Too bad a most perfect title 'The 400' -- the name of Mrs. Astor's high society social circle -- conjures up images of a non-existent sequel to '300' full of sweaty gladiators.  And if you decide to chuck the high society thing and go all gritty, may I suggest 'The Tenderloin'?

-- Watch 'Boardwalk Empire':  The world of Fellowes' new show is going to have to interact with the real world even more than 'Downton Abbey' does. And while Martin Scorsese's HBO drama about 1920s Atlantic City feels narratively distant -- sometimes it's unforgivably boring -- it does incorporate historical figures into its storyline surprisingly well. It's not an easy thing to do, making melodramatic historical figures into flesh-and-blood characters, but that's been one of Boardwalk's more successful accomplishments.

-- The temptation of the Astors vs. the Vanderbilts: You can't touch upper crust Manhattan of the 1880s without discussing the old school Astors and the new money Vanderbilts, whose families collided in the narrow New York social sphere of the era. But it may be more prudent to watch this clash of style from an adjacent family, either real or fictional.

-- The potential of wacky supporting characters:  Now I'm just being a total New York geek here, but in the periphery of such a show, one could find an excellent assortment of extraordinary oddballs. The 1880s had no shortage. Perpetual mayoral candidate Henry George, industrialist Peter Cooper and preacher Henry Ward Beecher in their final years, faded icon of scandal Victoria Woodhull, cigar-chewing Fifth Avenue Hotel power player Roscoe Conkling and the young, genius gadabout Stanford White.

-- And don't just stay in New York: There's Saratoga! Newport! Tuxedo Park! Manhattan Beach! Long Island's Gold Coast!

All right, so maybe I've just budgeted the show out of existence. Anyway, here's hoping for a drama as heartfelt and as addictive as 'Downton Abbey'.

Stine Goya designs a collection for Weekday

In the end of November we all have something to look forward to; Stine Goya designs a collection for Weekday. The collection is called Fade to W and is a new brand that Weekday created where different designers gets to design their own collection them. The only thing that is significant about the Fade to W collection is that it has a feminine edge to it, no matter who is designing it.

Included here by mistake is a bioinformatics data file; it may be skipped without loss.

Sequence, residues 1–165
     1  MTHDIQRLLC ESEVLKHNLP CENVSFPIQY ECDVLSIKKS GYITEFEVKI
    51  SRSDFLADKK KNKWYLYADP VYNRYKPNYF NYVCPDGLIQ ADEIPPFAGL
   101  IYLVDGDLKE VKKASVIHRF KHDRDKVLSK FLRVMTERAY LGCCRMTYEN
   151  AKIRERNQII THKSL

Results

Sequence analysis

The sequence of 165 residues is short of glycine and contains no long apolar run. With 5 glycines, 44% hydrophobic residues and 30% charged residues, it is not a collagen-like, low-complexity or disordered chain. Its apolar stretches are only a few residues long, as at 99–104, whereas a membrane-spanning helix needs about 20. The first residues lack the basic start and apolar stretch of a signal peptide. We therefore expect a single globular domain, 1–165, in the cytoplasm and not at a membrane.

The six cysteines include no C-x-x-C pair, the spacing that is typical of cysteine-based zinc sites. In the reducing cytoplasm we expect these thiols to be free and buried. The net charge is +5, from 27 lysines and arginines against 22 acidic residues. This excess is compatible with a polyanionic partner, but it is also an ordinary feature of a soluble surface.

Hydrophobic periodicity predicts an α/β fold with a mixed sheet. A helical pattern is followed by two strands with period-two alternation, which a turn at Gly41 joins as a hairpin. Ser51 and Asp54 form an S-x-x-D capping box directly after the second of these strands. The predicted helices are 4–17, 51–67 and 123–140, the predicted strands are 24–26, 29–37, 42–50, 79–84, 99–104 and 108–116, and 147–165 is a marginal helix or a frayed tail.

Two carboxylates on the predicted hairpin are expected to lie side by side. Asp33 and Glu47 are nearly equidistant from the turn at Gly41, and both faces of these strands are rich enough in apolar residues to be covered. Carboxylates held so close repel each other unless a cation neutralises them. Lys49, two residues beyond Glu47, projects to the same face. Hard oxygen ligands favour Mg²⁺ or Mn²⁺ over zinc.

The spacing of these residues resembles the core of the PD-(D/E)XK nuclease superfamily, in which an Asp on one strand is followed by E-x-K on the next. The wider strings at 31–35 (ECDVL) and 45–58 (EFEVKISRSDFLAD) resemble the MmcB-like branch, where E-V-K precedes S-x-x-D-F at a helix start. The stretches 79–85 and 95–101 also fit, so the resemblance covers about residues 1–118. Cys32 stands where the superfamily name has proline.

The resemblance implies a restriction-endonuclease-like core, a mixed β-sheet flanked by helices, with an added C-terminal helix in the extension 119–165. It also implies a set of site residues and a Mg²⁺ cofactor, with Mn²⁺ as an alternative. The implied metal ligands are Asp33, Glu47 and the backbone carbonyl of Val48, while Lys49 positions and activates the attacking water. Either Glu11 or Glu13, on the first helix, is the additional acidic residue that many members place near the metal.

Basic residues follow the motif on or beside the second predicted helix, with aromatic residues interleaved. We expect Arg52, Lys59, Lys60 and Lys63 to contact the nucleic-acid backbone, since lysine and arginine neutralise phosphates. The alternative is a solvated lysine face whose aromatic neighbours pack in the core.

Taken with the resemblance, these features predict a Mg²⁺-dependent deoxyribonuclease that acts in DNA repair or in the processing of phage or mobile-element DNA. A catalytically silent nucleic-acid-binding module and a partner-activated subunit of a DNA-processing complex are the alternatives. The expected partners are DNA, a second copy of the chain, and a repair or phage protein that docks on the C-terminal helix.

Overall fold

Christmas Shopping Side tracked

Tis the season y'all! 
It's the season to give, which means the season to shop. 

It's no surprise that this girl loves to shop. I can't help but to instantly get a "mood lift" every time a good purchase(or deal) has been made. Along with shopping though also comes the downfall of "should I really have spent that money? probably not.. Did I really need that? ..not really" which can be a  bit of a buzz kill if you ask me. Lucky for us, It's the season to shop shop shop and not feel so guilty! I absolutely LOVE picking out gifts for loved ones this time of year. Unfortunately, shopping for a mother, grandmother, sister and friends I am all too often in girly shops where the temptation to make purchases for myself is stronger than ever.  Does anyone else get side tracked when Christmas shopping? I always seem to find something for myself in the process, ha. 

During the black Friday shopping rush I scored a few items that I have been extremely happy with! 

1. Cheetah flats
These aren't the exact ones but very similar 

2. the softest neutral color sweater 
(once again, not the exact one but similar) 

3. Mint/Teal statement necklace 

Hopefully I can make it through the rest of my holiday shopping without splurging on myself. I am happy with these items though! 

CD Reviews (The Straits Times, November 2012)


The Early Recordings 1939-1948
Naxos Historical 8.111351 / *****

The legendary Italian Arturo Benedetti Michelangeli (1920-1995) was one of the great enigmas among modern-day pianists. His extra-musical exploits could fill a book, including stints as medical student (he graduated), wartime pilot, member of the anti-fascist resistance and sometime Ferrari racing-car driver. These early recordings from His Master’s Voice (Italy) and Telefunken reveal a different personality from the cool and clinical persona of his later Deutsche Grammophon recordings. Bach’s Italian Concerto (recorded in 1943) finds him generous and whole-hearted. Hidden voices are revealed and he even doubles with quite outrageous octaves in its final Presto.